DataLinker.org - Home of the Farm Data Standards
The specifications on this web site started life as the New Zealand Farm Data Standards, an early effort by the New Zealand (and later, international) agricultural and agritech community to define common vocabularies to define farm data. Over time, the specifications have grown and aligned with other standardisation, specification, and controlled vocabulary projects.
Glossaries and Data Dictionaries
The Farm Data Standards were not approved by any international standards body, so it is better to refer to them as agricultural glossaries or data dictionaries. Originally delivered as PDF files, the glossaries and data dictionaries are now maintained using GitHub and presented as markdown for easy maintenance by the community.
- Analysts should consider using the data dictionaries for consistent naming and description of things (entities), observations or events, and data elements (attributes).
- Technology developers may use the information in the design of new software or databases.
- We particularly encourage the use of these definitions to develop API schemas and support data interoperability. More about this below.
Widespread alignment with the standards will mean that farmers can spend less time entering data for different farm solutions, and more time using the insights from these solutions to make better decisions on their farms.
Glossaries and Data Dictionaries
Common API Specifications
The DataLinker framework was developed as a set of common JSON schemas and API specifications designed to support and encourage API interoperability between agricultural sector businesses, including farm supply companies, processors and retailers, and agritech products. Key elements of the DataLinker specifications include:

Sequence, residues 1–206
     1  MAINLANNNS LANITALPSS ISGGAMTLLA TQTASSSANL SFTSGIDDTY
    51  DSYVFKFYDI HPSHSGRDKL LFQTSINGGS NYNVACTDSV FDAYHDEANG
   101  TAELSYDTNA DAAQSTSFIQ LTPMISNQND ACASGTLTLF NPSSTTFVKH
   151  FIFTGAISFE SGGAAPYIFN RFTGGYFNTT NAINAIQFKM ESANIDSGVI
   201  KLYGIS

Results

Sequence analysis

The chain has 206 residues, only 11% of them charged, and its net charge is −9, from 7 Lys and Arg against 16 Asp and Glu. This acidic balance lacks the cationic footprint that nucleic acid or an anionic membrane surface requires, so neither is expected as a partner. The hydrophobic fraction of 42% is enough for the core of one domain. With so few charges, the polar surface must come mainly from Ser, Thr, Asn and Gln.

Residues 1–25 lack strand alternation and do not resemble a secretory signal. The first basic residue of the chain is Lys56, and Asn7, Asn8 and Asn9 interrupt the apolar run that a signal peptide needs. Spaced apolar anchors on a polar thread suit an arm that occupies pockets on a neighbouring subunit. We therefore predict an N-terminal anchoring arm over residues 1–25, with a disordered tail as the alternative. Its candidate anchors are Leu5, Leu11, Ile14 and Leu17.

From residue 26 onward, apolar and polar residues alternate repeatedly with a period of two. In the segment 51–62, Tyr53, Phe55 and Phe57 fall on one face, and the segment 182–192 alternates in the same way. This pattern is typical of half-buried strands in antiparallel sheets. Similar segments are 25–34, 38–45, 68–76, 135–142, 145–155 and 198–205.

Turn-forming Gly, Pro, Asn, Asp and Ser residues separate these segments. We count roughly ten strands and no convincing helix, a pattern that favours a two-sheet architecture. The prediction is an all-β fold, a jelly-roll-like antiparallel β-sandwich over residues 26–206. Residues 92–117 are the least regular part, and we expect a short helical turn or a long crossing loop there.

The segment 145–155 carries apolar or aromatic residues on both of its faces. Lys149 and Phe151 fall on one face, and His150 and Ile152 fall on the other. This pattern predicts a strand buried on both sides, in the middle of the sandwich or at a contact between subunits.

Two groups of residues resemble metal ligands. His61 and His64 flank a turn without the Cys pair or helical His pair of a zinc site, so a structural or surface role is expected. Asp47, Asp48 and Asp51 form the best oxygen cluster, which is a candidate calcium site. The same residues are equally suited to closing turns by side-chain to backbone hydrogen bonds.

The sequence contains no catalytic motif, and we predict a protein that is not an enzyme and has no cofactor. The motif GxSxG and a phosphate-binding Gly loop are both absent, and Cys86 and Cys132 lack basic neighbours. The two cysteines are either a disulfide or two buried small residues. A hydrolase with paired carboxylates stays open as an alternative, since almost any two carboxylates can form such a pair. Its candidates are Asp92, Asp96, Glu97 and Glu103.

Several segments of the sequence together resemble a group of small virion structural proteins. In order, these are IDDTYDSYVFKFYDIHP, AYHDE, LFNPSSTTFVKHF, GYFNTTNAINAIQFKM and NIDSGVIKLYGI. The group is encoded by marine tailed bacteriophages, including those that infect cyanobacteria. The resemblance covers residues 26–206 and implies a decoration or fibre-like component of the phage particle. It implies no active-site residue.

- Reusable data schemas in JSON-LD (now mainly replaced by JSON Schema equivalents),
- Use of OAUTH 2.0 token-based mechanisms to allow farmers and growers to control access to their data,
- A registry to allow organisations to discover which other organisations in their region had implemented compliant APIs, and
- A specification based on an extension of OAUTH that would allow data providers to electronically agree to each other’s data access terms.
The last two elements of this list proved hard for providers to manage, both for legal reasons and limitations in commonly used OAUTH 2 implementations. Much of the DataLinker work has been superseeded but is still available:
- The source code for the DataLinker registry and its applications are in GitHub (DataLinker Application)
- Livestock data schemas developed in the DataLinker project were submitted to the International Committee for Animal Recording and form a large part of the ICAR Animal Data Exchange specification. This is widely used in livestock recording and software technologies internationally.
- Spatial data schemas for field and paddock maps were converted to JSON Schema and extended by a New Zealand and Australian working group, these can be found in the Geospatial Repository.
- The remaining DataLinker schemas for pasture management, benchmarking, and farm assurance status can be found in various DataLinker Schema Repositories.
Geospatial Data Schemas
Animal Data Exchange